I've had the camera since just after Christmas and am still getting used to it. This is really the first chance I've had to use it in earnest - I've just played around with it around work and home before now. It's hard not to think of it as a miracle-worker, but it's not. There are limitations to what it can do, as well as attributes I haven't figured out how to exploit yet.

I was very, very impressed with the pictures I got at the aquarium - I've taken pictures with earlier Pentax cameras at other facilities and not gotten as many keepers. The focus was better than I had expected, especially with the tiny jelly fish. I tried to take pictures of them at Monterey with the K20 and couldn't get the focus right (too dark for manual focus and not enough contrast for AF). But then, I didn't have the DA 35 macro at the time, and its the perfect lens for this type of thing, much better than any of my other lenses.
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Old Jan 17, 2011, 12:35 PM   #7
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I'm impressed also, Harriet.
Wonderful photos, Great job!

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Old Jan 17, 2011, 1:36 PM   #8
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If by glare, you mean the reflections on the surface of the glass, you seem to have managed quite well, as they are not really noticeable. All are exemplary shots.

The obvious solution to reflection is a polarizing filter - with the ISO capabilities of that camera, you easily could have absorbed the 1.5 stop penalty of a circular polarizer in a number of those shots with the lower ISOs, so it might be worth trying in situations where you couldn't otherwise manage to eliminate the reflection.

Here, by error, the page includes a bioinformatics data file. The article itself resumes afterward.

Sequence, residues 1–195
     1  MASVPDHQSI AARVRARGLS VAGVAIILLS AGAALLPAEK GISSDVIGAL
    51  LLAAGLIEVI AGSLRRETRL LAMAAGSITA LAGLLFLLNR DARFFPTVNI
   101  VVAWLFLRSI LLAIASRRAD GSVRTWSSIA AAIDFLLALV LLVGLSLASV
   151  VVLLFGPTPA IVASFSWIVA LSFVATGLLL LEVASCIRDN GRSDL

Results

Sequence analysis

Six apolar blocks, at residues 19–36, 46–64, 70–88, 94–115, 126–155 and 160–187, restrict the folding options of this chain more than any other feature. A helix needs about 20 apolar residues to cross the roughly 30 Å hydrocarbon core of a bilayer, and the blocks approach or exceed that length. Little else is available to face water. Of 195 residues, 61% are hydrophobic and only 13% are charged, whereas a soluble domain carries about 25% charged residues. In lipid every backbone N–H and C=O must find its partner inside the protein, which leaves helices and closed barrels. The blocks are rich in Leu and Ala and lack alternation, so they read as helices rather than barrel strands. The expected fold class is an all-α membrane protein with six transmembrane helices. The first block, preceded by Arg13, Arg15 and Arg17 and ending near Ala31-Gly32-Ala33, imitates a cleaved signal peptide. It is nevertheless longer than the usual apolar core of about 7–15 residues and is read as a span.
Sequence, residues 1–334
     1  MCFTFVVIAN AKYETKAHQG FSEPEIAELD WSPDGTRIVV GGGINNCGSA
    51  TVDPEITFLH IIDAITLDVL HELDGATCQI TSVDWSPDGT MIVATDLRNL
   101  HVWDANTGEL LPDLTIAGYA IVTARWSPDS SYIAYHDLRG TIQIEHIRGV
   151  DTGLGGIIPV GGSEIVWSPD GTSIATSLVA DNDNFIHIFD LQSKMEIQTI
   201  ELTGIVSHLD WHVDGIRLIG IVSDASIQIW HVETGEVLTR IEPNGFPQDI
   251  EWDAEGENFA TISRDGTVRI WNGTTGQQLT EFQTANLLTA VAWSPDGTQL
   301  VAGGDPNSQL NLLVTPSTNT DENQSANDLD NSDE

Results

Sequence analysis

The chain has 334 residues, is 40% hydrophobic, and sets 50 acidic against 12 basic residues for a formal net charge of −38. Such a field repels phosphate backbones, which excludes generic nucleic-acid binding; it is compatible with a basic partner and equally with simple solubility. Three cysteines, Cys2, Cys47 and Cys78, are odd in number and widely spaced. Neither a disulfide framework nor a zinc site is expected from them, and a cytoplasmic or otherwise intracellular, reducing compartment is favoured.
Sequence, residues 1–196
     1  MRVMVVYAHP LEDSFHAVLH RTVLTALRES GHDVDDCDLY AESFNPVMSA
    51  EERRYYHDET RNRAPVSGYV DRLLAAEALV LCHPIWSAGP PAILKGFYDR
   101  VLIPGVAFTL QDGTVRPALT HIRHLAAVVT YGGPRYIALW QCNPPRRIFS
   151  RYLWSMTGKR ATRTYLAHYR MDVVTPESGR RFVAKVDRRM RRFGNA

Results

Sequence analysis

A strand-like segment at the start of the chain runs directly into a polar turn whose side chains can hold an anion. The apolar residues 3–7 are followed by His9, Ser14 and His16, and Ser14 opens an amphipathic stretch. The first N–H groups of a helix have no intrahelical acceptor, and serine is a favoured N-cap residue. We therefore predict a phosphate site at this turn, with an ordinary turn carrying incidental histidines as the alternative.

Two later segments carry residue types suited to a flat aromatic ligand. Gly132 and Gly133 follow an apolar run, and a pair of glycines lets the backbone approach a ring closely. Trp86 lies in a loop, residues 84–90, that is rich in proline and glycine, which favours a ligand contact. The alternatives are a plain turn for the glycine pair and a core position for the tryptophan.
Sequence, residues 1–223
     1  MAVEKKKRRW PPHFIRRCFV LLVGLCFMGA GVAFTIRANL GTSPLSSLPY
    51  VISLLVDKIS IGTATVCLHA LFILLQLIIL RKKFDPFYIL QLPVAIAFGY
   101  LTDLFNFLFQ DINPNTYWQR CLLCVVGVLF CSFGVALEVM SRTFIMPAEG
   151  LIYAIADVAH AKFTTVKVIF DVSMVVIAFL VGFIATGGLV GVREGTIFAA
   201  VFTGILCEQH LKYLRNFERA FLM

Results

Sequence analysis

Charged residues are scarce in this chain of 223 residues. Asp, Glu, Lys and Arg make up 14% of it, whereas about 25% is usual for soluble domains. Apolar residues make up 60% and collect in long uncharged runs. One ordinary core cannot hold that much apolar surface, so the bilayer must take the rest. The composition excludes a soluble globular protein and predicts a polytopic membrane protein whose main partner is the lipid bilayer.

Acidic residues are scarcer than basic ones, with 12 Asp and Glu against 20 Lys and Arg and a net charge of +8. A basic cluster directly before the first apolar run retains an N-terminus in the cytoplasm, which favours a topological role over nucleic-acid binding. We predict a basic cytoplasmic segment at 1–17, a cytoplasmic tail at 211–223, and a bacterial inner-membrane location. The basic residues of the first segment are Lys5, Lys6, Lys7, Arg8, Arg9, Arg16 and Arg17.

BTW I an surprised they could maintain a delicate deep sea creature like #1 at surface pressures and temperatures. Any idea what it is? The "low" ISO of 640 that you used means pretty bright light for a creature that lives in cold eternal darkness - was it in a special tank or is it just a photograph of a photograph?
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Old Jan 17, 2011, 1:44 PM   #9
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Great shots Harriett. Fine job controlling reflected light that is a problem in this kind of shooting environment.

I agree on the 35mm macro. I recently got a 35-105mm macro and I am finding the 35mm FL wonderful on the DSLR. The added zoom is a bonus.

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Old Jan 17, 2011, 6:19 PM   #10
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Yes, I was talking about the reflection. It was frustrating and I didn't always notice it.

Penolta - I didn't actually pay much attention to what the first one was (I never remember names when visiting such places - too much for me to remember), I was mostly interested in how it survives (deploys what's almost a parachute that scoops up plankton). There were a couple of them in a small separate tank, I assume it was specialized.

The aquarium is organized starting with cold, Alaska waters species, then goes to California species and on to tropical ones. There was a few small tanks with jelly fish, this was with them (I took a couple of pictures, this was my favorite since it looked more like a mouth, when it's actually more like a balloon that opens, waves around a bit then closes). They also breed sea horses for other aquariums to try to mitigate their dwindling numbers. They were particularly tough to photograph, while I got some that were so-so, none that really popped.

Today we went to see some larger fish - we visited Sea World. It wasn't one of my better photography days, but it was fun anyway.